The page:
This member participated in the following discussions
The first and simpliest step is to mandate food that is normally consumed by the BoP consumer with a balanced nutrient portfolio including the B-vitamins - this is the cheapest and easiest way to provide essential nutrients to vulnurable parts of a population as it does not require change of consumption habits. For a longer term strategy we need to look at food systems - from providing food to providing the right food. Currently carbohydrates fill the stomach and are cheap - we need to look into business cases how the food system can provide food diversity to low income populations. For this the SDG goal no 17 - forming partnerships - will be essential. Donations are not sustaianble but business cases are - so how can we take a huge step by providing business cases not only from the private sector but combining private and public sector. The public sector could support business cases by positive taxation for example or by supporting diversity in exising food systems.
I would like to share another slide which demonstrates the importance of a balanced diet to prevent anemia, it is not done with an iron alone intervention - even if haemoglobin levels are increased it is not guaranteed that the person is healthier or less anemic....
Following points should be mentioned:
If food variety is too expensive for low income populations, governments can consider to mandate food fortification. An important aspect which is widely neglected is effectiveness. Human does not function on one or 2 nutrients alone. The inclusion of the B-Vitamins for proper messaging in the body and proper cell functioning is essential. Contrary to wide believes fortification with B-Vitamins is not costly. To provide all essential B-Vitamins to 100 million people cost less than 20 million US$ per year.
If industry is providing healthy food options at low prices positive taxation of governments should be considered in order to increase the accessability and availablility of healthy food options.
Governments can support the approval and distribution of healthy food options, specially food options that are targetting the first 1000 days, i.e. adolescant girls.
Small and medium sized enterprises provide 85 % of the global packaged food supply. The SME's must be included in policies that promote sugar, fat and salt reduction and fortification.
On expectations in improving nutrition and food security in Asia:
One key issue in human nutrition is that science is still too open for wide interpretation. It has been established through the animal health science but also through successful feeding programs by the WFP in refugee camps and crisis feeding that only a well-balanced nutrient portfolio shows desired results in improving the health status of targeted populations. The argument of too high cost is not valid, the cost to provide all essential B-vitamins to 100 mio people is estimated at approx. 15 mio US$ per year.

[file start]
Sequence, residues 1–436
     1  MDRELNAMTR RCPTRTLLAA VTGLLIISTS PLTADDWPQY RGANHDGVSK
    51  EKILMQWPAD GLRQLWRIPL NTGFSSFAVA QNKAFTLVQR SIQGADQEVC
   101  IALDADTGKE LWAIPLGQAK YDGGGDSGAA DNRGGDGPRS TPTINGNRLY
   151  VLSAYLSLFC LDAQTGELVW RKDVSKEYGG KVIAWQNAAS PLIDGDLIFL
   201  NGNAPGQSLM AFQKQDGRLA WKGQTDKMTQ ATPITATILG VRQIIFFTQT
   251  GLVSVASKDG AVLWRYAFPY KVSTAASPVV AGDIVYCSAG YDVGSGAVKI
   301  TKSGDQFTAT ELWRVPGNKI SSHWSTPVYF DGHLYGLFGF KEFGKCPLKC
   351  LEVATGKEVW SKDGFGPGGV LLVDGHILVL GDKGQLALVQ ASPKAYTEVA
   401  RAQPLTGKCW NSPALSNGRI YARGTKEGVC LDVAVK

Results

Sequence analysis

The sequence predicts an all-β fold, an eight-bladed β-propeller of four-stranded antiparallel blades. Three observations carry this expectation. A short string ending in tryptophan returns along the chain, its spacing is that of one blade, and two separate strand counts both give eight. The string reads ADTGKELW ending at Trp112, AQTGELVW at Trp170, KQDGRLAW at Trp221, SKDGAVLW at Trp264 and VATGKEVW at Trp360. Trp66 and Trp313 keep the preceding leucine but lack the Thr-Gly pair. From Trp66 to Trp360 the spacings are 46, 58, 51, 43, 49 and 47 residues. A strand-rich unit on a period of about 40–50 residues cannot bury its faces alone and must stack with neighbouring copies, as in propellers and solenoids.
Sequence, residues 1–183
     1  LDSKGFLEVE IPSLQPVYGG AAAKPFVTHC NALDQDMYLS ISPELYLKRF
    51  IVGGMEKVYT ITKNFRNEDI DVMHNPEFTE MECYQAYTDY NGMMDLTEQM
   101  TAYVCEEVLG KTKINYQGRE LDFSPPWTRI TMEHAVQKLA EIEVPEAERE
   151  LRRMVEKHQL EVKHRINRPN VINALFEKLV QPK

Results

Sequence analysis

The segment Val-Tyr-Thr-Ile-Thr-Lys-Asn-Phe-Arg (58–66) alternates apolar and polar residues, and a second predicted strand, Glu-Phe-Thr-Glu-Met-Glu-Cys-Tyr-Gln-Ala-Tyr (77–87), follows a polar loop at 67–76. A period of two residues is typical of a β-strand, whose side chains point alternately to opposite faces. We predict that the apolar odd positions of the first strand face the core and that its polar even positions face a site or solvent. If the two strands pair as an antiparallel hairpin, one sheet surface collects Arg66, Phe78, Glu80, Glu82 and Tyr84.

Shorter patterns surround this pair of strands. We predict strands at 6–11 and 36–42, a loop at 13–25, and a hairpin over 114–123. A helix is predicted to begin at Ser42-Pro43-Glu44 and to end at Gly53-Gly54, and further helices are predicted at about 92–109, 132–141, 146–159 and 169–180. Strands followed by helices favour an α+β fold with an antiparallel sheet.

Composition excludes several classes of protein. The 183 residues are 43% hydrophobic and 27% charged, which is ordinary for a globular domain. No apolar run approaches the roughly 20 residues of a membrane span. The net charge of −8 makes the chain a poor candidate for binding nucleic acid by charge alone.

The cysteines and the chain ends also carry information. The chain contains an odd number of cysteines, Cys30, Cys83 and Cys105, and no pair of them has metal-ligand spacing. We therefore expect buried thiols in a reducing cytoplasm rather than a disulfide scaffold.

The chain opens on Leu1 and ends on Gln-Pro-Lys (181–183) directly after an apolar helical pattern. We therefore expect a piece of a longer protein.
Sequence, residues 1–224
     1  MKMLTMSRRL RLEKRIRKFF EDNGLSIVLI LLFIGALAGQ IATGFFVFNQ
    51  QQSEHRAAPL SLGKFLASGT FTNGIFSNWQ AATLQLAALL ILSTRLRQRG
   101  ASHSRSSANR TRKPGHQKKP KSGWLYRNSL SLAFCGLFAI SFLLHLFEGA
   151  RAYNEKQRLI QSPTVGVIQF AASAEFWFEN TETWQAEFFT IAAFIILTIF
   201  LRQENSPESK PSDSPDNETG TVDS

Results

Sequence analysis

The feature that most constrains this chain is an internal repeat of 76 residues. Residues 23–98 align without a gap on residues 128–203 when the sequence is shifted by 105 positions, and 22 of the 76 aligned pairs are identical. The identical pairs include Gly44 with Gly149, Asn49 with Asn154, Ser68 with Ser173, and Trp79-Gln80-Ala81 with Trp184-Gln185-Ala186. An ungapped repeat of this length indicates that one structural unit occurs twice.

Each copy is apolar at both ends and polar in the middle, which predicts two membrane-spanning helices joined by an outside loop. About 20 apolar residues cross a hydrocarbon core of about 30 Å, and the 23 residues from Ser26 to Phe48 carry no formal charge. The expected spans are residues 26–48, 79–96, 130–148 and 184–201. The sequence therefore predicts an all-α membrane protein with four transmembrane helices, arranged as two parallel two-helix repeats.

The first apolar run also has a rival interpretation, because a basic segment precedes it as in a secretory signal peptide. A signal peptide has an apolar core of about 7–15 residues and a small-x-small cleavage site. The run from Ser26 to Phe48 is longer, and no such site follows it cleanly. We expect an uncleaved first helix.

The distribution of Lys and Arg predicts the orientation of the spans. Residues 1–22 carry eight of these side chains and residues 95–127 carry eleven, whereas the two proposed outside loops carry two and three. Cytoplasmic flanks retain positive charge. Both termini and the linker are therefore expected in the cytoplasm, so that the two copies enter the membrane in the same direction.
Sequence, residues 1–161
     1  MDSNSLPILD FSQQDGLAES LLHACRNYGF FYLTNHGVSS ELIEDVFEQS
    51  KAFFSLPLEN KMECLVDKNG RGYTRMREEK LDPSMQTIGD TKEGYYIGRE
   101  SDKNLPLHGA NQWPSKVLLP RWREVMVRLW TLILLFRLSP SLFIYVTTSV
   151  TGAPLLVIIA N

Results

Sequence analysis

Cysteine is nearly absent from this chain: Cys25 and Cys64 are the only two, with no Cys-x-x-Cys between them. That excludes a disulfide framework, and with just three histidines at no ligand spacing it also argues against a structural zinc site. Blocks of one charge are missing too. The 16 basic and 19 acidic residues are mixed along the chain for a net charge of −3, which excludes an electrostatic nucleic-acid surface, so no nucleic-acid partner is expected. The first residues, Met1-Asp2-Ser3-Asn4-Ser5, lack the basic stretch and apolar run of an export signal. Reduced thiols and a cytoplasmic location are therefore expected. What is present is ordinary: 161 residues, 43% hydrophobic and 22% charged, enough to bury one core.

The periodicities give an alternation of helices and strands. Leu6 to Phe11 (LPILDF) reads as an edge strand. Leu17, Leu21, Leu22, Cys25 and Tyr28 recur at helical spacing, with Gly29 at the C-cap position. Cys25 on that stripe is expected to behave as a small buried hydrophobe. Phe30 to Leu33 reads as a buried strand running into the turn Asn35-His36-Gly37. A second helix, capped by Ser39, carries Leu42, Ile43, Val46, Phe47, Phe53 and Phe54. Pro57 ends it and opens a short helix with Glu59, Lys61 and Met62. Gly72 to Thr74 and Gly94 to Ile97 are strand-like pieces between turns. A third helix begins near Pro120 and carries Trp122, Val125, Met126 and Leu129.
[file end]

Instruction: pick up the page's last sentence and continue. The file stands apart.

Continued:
Given the significance of the first 1000 days it is important that adolescent girls, pregnant and lactating mothers receive foods that have a balanced nutrient portfolio. If dietary diversity is too expensive the cheapest and most effective way is fortification of locally accepted foodstuffs.
ARoFIIN is currently studying the existing information on the nutrient gap between actual intake and the WHO recommendations for targeted population groups. With this data we will discuss with the food industry what nutritional interventions are possible.
Governments and the UN can contribute to allow accessibility and distribution of these foodstuffs and approve locally acceptable, highly fortified low cost food solutions.
On critical activities:
Educational programs on the importance of dietary variety is essential, i.e. home gardening for rural populations and the increased use of vegetables and fruit for urban poulations. For policy discussions an important aspect is how fruit and vegetable can become more affordable to increase usage in the food portfolio.
Policy makers, health authorities and the food industry need to engage in discussions aiming to widen the access to dietary diversity but also to fortified foods.
When mandated food fortification is discussed we need to realize the the past iron / folic acid fortification strategy of many countries was not successful. Reconstitution of rice and wheat to its original nutrition content before milling is essential.
On quality of commitments
15% of the processed food supply is provided by the multinational food companies, 85% by small medium enterprises.
If business cases to support the fortification of foodstuffs can be created the commitment to provide more healthy food choices can be increased. The UN should work with the food industry to discuss, develop and support the free access to nutritious food solutions.